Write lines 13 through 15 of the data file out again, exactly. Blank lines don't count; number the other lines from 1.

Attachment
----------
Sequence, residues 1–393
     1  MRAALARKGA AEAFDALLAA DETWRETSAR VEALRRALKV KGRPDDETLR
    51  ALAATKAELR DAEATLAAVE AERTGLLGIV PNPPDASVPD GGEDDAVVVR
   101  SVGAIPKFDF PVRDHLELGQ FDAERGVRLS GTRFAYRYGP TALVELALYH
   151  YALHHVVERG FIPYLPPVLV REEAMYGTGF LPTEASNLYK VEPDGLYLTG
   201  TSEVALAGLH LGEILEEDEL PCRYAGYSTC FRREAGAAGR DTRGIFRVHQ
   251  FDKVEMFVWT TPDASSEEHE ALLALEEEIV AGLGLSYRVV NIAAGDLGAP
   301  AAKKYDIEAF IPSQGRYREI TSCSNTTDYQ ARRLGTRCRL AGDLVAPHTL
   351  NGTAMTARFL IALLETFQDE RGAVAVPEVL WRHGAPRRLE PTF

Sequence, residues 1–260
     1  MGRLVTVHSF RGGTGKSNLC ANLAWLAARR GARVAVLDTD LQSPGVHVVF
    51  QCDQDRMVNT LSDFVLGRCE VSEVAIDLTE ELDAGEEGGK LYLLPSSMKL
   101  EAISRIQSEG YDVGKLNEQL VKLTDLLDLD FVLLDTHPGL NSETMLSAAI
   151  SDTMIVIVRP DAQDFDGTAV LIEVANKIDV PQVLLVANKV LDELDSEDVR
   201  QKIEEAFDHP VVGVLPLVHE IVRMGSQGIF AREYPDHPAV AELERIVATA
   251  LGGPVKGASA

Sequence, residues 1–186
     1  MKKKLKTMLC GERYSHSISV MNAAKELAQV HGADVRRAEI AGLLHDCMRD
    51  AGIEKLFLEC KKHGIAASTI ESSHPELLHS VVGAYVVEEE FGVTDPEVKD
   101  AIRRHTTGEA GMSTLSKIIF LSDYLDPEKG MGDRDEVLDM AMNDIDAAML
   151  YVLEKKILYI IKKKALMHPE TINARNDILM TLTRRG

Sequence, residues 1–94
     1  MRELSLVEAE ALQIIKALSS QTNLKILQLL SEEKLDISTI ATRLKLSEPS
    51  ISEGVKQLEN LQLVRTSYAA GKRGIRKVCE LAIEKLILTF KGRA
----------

   101  EAISRIQSEG YDVGKLNEQL VKLTDLLDLD FVLLDTHPGL NSETMLSAAI
   151  SDTMIVIVRP DAQDFDGTAV LIEVANKIDV PQVLLVANKV LDELDSEDVR
   201  QKIEEAFDHP VVGVLPLVHE IVRMGSQGIF AREYPDHPAV AELERIVATA